Shading rings rarely if ever fail, the AC contactor/relay/solenoid coils are very inefficient devices.
                subsequently they run hotter than their DC counterparts, and are more prone to burn out because of this.
                Same with the shaded pole fan motor where it serves a similar use, in this case it provides the phase shift in part of the iron core WRT the main winding.
                They also are prone to run hot due to the inefficiency created.

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                • #53
                  A dc coil can be connected without the core but the ac one will burn in a few seconds. New contactor coils from some manufacturers like ABB now are multi voltage ac/dc powered. They have a microcontroller board and will reduce the input voltage to the minimum necessary. In the end, the coil is always dc powered. A dc coil voltage can be greatly reduced after the initial power up and it will stay atracted.
                  Helder Ferreira
                  Setubal, Portugal

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                  • #54
                    Originally posted by MaxHeadRoom View Post
                    You do know that is a DC brake?
                    Shown by the Bridge rectifier.
                    This is the small black box inside the motor connection box that Noitigen was asking about. THis is the label on the side. What is it? This is what the two wire for the brake attach to.Click image for larger version  Name:	bridge rectifier copy.jpg Views:	0 Size:	324.4 KB ID:	1999811
                    Last edited by Black Forest; 05-07-2022, 12:28 PM.
                    Location: The Black Forest in Germany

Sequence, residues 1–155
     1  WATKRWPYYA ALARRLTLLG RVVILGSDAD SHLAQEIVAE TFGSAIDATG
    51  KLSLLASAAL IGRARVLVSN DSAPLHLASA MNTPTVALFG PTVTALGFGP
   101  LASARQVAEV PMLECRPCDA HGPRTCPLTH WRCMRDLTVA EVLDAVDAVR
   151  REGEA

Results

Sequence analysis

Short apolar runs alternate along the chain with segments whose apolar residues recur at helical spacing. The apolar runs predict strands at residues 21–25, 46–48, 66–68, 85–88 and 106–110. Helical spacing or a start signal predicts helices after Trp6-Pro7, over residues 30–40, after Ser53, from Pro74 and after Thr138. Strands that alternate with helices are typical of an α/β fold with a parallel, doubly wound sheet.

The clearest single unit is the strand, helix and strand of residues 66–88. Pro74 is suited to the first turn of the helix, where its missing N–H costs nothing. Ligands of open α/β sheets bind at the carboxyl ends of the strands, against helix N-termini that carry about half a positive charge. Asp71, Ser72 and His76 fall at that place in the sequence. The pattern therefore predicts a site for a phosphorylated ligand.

How to become a millionaire: Start out with 10 million and take up machining as a hobby!

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                    • #55
                      Looks like a rectifier

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                      • #56
                        The company I worked for had lots of AC contractors fail from shading coils falling out. These were NEMA size 3 to 5 contractors with 120v AC coil with the shading coils epoxyed in. I don't know if the glue failed from heat or vibration. In a pinch I brazed a piece of copper wire into a coil and staked it into the groove to keep the machine running until a new contactor was available. Our various models came from different factories and one of them started using contractors with dc coils, 120ac to the coil with a board to convert it to dc.

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                        • #57
                          Originally posted by Black Forest View Post

                          This is the small black box inside the motor connection box that Noitigen was asking about. THis is the label on the side. What is it? This is what the two wire for the brake attach to.
                          It shows AC in one side (RH) and DC out on the opposite side. Most brakes are DC types.
                          The diagram is a little strange, maybe do a search with the part number and see if anything shows it in detail.

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                          • #58